E-book (electronic book): The publishing format that has the highest ratio of “time spent discussing it in meetings” to “copies sold.”* Authors fondly believe that tens of thousands of readers who’ve passed up the opportunity to buy attractive, inexpensive hardcopy editions of their works will nevertheless go to great effort to illegally download wonky, badly formatted e-texts of the same books in order to read them in Courier on their computer screens.
Managing Editor: In trade book publishing, the person in charge of production. Normally, there are multiple layers of insulation between the author’s behavior and the Managing Editor’s production decisions. That’s a good thing.
Mass Market: A smaller, cheaper edition of a hardcover novel that is nevertheless more difficult, expensive, and uncertain to publish.
Mid-list: What other authors are who sell as well as you do, but don’t have your inherent talent or obvious commercial promise.
Out of Print: When a book of yours is inarguably and permanently out of print at its current publisher, but you can’t get the rights back just by asking for them, that’s nature’s way of telling you to dump your agent, and look for a new publisher while you’re at it.
Packager: (1.) A person or firm which contracts with publishers to deliver finished (often camera-ready) books of high quality and great commercial appeal by a specified date. This is not to say—this is emphatically not to say—that the works they deliver meet any of those specifications. (2.) The class enemy of production departments, which get to clean up (badly, on a rush basis) the packager’s grossly incompetent mishandling of tasks the production department would far rather have taken care of themselves.
Prequel: A book cobbled together out of the worldbuilding and backstory notes that the author once upon a time had the sense to leave out of the series.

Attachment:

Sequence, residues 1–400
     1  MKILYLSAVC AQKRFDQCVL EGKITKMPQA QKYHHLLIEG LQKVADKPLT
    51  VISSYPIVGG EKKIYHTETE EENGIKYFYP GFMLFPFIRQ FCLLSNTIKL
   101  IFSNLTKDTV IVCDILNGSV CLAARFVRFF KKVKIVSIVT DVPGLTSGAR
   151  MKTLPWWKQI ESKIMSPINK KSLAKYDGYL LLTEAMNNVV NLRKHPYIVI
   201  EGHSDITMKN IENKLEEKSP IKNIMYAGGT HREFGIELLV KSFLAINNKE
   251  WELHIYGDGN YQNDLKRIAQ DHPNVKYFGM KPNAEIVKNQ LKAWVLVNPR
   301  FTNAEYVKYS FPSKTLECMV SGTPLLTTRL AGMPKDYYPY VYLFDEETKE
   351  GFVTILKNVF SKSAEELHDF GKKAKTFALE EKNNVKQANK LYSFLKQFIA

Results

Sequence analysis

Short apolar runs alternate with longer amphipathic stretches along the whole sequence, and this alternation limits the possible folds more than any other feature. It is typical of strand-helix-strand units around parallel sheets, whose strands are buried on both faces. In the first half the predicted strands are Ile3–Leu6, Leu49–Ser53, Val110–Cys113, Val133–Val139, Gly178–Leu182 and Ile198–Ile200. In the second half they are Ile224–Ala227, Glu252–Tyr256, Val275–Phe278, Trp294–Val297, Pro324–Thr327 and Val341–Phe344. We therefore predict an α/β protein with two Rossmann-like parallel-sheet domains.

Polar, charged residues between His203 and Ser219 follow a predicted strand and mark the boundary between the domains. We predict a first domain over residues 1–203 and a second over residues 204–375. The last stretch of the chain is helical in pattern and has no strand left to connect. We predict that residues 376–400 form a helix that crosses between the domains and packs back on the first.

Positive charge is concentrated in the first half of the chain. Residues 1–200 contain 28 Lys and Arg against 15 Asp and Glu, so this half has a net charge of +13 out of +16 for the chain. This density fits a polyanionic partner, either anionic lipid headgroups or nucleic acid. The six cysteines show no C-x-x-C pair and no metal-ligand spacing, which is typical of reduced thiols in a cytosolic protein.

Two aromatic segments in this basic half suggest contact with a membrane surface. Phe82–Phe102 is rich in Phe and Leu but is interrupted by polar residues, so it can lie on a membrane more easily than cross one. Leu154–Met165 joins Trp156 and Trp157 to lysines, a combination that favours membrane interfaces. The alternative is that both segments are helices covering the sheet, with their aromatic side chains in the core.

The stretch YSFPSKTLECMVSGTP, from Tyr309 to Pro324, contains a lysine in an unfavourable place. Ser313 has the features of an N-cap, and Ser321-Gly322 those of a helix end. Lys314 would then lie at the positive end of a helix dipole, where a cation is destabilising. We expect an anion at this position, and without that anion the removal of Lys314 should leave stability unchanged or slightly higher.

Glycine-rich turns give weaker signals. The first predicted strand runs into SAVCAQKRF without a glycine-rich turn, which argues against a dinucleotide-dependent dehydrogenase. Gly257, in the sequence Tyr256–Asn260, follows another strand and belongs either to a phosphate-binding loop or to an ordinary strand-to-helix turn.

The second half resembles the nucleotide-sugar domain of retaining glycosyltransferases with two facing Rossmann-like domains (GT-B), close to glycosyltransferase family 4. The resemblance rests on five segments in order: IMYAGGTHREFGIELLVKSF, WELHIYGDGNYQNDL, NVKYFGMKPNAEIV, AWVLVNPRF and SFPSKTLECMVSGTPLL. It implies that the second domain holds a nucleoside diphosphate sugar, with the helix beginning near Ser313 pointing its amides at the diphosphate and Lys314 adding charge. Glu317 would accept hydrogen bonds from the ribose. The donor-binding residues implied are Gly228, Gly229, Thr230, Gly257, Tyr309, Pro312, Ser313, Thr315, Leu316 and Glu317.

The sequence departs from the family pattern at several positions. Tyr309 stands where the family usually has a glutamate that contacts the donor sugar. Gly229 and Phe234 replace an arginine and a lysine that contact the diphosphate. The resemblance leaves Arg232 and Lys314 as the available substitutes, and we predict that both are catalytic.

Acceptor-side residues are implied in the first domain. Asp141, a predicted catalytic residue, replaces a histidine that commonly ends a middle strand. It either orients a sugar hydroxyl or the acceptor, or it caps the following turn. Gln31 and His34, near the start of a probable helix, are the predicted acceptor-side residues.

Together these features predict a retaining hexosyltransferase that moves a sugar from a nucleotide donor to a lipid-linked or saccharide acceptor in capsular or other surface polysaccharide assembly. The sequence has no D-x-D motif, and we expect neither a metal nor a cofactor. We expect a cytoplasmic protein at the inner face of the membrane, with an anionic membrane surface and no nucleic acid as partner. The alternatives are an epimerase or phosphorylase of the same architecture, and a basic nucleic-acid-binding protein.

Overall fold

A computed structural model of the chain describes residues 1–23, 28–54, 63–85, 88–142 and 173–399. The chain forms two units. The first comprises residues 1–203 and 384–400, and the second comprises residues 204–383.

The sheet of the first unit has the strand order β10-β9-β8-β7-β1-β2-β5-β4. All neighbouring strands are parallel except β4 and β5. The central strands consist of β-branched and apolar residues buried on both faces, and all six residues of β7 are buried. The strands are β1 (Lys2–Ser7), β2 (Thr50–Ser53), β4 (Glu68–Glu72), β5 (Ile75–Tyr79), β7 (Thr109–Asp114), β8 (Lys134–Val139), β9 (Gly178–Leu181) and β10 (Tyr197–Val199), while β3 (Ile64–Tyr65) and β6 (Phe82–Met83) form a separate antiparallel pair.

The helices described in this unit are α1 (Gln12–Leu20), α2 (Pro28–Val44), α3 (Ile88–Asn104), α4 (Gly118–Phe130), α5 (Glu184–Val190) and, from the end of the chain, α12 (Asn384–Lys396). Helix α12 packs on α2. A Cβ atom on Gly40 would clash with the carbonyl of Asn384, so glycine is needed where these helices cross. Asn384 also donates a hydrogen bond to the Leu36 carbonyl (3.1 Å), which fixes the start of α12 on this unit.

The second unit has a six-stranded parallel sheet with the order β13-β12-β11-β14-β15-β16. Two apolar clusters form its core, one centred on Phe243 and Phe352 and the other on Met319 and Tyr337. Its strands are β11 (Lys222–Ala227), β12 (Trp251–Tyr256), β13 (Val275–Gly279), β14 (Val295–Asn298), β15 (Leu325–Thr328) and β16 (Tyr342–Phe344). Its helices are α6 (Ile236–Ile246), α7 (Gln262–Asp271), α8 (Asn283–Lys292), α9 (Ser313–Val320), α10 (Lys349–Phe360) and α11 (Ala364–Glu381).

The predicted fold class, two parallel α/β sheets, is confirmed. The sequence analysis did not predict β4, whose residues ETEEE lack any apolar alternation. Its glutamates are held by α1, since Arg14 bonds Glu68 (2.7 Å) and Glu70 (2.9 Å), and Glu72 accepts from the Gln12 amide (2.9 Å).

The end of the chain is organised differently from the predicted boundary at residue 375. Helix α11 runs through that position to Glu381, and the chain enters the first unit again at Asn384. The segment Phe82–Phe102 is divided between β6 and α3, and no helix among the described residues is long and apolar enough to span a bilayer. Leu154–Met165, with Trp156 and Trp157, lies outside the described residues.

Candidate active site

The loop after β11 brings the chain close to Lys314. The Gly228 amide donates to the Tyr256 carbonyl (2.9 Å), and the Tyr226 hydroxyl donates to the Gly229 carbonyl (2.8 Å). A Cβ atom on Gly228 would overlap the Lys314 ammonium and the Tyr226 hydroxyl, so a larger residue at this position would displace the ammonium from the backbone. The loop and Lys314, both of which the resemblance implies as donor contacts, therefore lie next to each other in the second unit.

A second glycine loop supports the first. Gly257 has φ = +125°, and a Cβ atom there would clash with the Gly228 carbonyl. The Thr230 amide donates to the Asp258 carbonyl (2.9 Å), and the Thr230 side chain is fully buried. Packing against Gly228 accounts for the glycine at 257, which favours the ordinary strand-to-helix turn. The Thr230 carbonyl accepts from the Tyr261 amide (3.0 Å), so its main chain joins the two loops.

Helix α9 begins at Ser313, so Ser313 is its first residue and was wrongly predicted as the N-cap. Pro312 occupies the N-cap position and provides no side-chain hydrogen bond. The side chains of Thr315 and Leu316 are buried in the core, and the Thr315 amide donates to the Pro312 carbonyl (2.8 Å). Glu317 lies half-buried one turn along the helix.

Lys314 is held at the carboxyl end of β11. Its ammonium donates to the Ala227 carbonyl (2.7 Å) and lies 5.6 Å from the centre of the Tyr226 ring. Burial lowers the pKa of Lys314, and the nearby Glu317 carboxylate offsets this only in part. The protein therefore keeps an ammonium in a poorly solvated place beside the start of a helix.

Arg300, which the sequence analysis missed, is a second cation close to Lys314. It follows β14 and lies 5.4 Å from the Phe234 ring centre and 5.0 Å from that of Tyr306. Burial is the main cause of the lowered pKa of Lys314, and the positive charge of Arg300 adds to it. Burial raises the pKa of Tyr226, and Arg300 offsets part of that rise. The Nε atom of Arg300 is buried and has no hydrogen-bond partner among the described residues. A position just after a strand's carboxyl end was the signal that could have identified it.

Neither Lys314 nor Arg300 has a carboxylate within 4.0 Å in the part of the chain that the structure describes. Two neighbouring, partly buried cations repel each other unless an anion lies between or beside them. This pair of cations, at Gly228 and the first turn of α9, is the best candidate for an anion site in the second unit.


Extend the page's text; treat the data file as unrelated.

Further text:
Print Run: The projected print run is what you hope for. The real print run is the number of copies you calculate will be needed based on the actual orders that are coming in.
Pub Date: The date naive authors start haunting the bookstores, hoping to see their book on the shelves.
Remainders: Proof that your publisher generously paid to print and distribute enough copies for them to be made available to every reader who might conceivably find them attractive; which, necessarily, means that there will be copies left over. As an alternative to being pulped, these are sometimes offered at reduced prices to readers who, if they enjoy the book, will be primed to buy your next one at normal retail prices.
Reviewer: A person who by virtue of their position must either disappoint their readers, or the authors they review. The ones who satisfy their readers keep their jobs.
Royalties: Percentage of the sales price earned by the author on sold copies. Most of this money is received by the authors years before their books earn it. If a book earns out and the author starts earning additional royalty payments, they will complain bitterly about how long it takes to receive them.
Self-publishing: How authors who are slow learners find out about marketing and distribution.
Small Press: A publishing house that’s only as good as the people running it. (This applies to publishing houses of any size.)
Trade Paperback: (1.) Cheaper than a hardcover; stays on the shelves longer and earns more per unit than a mass-market paperback. (2.) Technically, a softcover edition of any trim size that is whole-copy returnable, rather than being stripped for credit like a mass-market paperback.
Trade Publisher: A publisher of books that are sold via bookstores.
Vanity Press: A way of getting published that anyone can see is folly, unless the book in question is their own.